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Blagojevich's Senate stunt
The Illinois governor throws Senate Democrats a curveball
 

Illinois Gov. Rod Blagojevich (D) appointed Roland Burris, 71, to fill the U.S. Senate seat he is accused of trying to sell, said The Washington Post in an editorial. And despite Burris’s “strong credentials”—the state’s first black attorney general and the first African American elected to statewide office—the tainted appointment “cannot be allowed to stand.” Senate Democrats should follow through on their threat to not accept Burris as President-elect Obama’s replacement.

“Legally, they can’t,” said Will Bunch in the Philadelphia Daily News online. “People are understandably outraged” by Blagojevich’s “affront to political decency,” but a landmark 1969 Supreme Court case limits the Senate’s ability to reject his choice—Burris is legally eligible to be a U.S. senator. Democrats should give up this fight and instead “rally behind” some 2010 Illinois candidate “not named Ronald Burris.”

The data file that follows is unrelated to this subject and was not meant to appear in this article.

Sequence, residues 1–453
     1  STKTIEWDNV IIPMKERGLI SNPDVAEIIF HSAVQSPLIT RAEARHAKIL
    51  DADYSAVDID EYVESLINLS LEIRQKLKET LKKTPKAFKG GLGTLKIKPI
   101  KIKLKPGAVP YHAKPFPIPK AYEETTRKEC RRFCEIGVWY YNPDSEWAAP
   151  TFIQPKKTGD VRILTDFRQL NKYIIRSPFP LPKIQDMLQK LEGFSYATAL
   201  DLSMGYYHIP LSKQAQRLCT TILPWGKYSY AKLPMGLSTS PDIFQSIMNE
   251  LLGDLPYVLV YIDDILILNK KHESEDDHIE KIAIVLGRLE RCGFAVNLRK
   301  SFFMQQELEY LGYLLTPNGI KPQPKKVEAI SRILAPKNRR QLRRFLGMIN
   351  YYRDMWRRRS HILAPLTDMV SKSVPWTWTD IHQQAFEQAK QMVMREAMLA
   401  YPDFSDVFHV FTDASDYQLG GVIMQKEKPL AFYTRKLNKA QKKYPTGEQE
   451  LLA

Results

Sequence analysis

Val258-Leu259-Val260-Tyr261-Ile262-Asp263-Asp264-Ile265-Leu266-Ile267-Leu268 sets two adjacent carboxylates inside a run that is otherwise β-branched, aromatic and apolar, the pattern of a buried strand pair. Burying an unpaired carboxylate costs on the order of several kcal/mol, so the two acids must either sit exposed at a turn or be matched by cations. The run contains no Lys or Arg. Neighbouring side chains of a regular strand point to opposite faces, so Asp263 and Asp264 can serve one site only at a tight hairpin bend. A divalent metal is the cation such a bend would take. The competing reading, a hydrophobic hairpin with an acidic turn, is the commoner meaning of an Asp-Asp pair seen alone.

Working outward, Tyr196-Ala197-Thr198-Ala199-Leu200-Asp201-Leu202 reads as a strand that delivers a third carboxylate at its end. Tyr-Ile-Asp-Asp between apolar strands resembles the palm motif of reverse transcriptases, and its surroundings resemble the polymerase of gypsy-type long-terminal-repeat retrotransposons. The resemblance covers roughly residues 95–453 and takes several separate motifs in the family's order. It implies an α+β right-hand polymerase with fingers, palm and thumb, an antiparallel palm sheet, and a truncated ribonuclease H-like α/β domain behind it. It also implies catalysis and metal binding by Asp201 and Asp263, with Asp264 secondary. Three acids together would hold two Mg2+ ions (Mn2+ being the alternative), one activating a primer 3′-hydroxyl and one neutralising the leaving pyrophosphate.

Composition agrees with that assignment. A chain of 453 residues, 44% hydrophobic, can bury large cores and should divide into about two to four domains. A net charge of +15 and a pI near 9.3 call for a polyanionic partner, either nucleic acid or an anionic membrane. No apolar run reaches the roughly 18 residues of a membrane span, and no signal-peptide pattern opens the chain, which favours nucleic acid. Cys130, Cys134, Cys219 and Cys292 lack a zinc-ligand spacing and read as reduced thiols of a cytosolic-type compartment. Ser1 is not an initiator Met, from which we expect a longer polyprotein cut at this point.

Burris has done nothing wrong, said John Cole in Balloon Juice, and “all this pearl-clutching” about the impropriety of his selection “makes me want to vomit.” Until Blagojevich resigns, is impeached, or is convicted, he’s still legally the governor and his pick of Burris legally valid. If the governor is “so corrupt that he cannot appoint an innocent and good man,” Democrats need to stop “playing games” and “get rid of him.” Otherwise, “suck it up and deal.”

Looks like Blagojevich has “outfoxed” his party, said Andrew Malcolm in the Los Angeles Times online. Not only does his “brilliant and cunning and cynical political move” show he’s still in charge in Illinois, it also makes the public fight “more over seating Burris in Washington than unseating Blago in Springfield.” And it hands Senate Majority Leader Harry Reid “one helluva hot potato”—if Democrats blocks Burris, they block “the Senate’s sole African American.”

The reliance on “race baiting” to sell Burris “is dangerous and destructive,” said the Illinois Northwest Herald in an editorial. Unlike Blagojevich, Burris has served Illinois “with integrity”—it’s a pity that he’ll now be remembered for “the crass opportunism and tone deafness he displayed in accepting Blagojevich’s offer.”

 

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